Most Underrated Albums of All Time
The modern age of music has gifted musicians with more resources than ever. With the use of technology, more music is being produced today than ever before. The abundance of new music and easy access through streaming services probably means that we’re missing out on a lot of great music. There are just so many options that it’s almost impossible to hear it all. Here’s a list of some of the most underrated albums of all time:
DANGERDOOM – The Mouse and the Mask (2005)
Hip-hop lovers are sure to get a kick out of this masterpiece that features Danger Mouse’s production ability and MF Doom’s legendary flow. What is most impressive about this album is the way it is organized. The album features voice actors from Adult Swim’s hit show Aqua Teen Hunger Force, and all of the show’s characters participate in voice skits that contribute to the album’s narrative. From start to finish, this piece of art tells a story, and if you haven’t heard it yet, then you’re missing out. The music is incredible, and the lyrics are thought-provoking. This is rapping at the highest quality.
Stereolab – Dots and Loops (1997)
Groovy and entertaining, this album is the fifth release by the British alternative rock band Stereolab. The unique combination of experimental sounds and catchy melodies make this album a staple from the decade. Its backbone is anchored by a rambunctious drum set that pairs very well with the tasty guitar grooves and synth lines that slowly fade into a hypnotic beat. The album features English and French lyrics about the bourgeoisie that seem somewhat relevant in today’s politics, and it works as both background music and as a point of focus.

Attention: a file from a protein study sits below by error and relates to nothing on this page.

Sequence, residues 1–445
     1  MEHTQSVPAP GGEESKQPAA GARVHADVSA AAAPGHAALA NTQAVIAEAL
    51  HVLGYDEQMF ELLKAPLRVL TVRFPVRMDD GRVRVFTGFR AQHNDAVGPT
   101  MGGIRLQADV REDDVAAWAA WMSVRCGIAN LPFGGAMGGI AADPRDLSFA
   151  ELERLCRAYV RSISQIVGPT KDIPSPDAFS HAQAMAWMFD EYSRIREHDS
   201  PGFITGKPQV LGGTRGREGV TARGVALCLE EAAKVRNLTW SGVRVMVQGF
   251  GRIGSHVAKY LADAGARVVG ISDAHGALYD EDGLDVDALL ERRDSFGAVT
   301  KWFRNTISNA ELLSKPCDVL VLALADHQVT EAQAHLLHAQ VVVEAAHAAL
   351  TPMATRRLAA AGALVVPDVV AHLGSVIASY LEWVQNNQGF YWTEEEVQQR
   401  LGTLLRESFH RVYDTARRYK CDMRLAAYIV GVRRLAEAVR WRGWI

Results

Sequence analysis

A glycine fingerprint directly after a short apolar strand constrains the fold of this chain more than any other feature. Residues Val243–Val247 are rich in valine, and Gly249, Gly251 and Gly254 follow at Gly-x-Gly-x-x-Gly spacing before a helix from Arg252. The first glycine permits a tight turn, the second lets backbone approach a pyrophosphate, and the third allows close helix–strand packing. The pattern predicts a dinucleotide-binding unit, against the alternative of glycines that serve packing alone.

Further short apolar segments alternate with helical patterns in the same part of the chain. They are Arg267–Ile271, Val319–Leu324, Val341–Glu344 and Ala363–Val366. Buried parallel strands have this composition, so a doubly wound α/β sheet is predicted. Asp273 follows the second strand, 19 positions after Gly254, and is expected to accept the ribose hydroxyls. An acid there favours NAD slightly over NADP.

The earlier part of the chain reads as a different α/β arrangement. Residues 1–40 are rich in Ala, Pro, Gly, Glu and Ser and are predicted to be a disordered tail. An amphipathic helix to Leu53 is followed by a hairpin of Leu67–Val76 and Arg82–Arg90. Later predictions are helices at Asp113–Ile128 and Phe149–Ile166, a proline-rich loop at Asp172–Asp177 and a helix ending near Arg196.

Andrew Bird’s Bowl of Fire – The Swimming Hour (2001)
Released as the group’s third album in four years, The Swimming Hour was an experiment for the group to garner attention. Andrew Bird plays the violin in ways that have never been imagined before, and he alternates between his unique style of strumming and the traditional style of playing with a bow. While critics seemed to love the album, it failed to gain notoriety, and the album lacked commercial success or recognition. The group was absolutely full of talent at the time, and the members all met through Andrew Bird’s hometown of Chicago. If you like folk, early jazz, swing, rock, pop, and great vocals, then you should consider giving this album a listen.
Paul McCartney – Ram (1971)
When it was initially released, Ram was slammed by critics who thought the album was “incredibly inconsequential” and “monumentally irrelevant.” Maybe they were still upset the Beatles had broken up, or maybe their speakers were broken. Either way, critics could not have been more wrong about Paul McCartney’s second solo release. It features McCartney and his family, along with other musicians who auditioned to play guitar and drums for the record. At one point, McCartney even brought in the New York Philharmonic to play on the tune “Uncle Albert / Admiral Halsey.” If you like rock and roll, the Beatles, and confident musicianship, then you are sure to love Ram.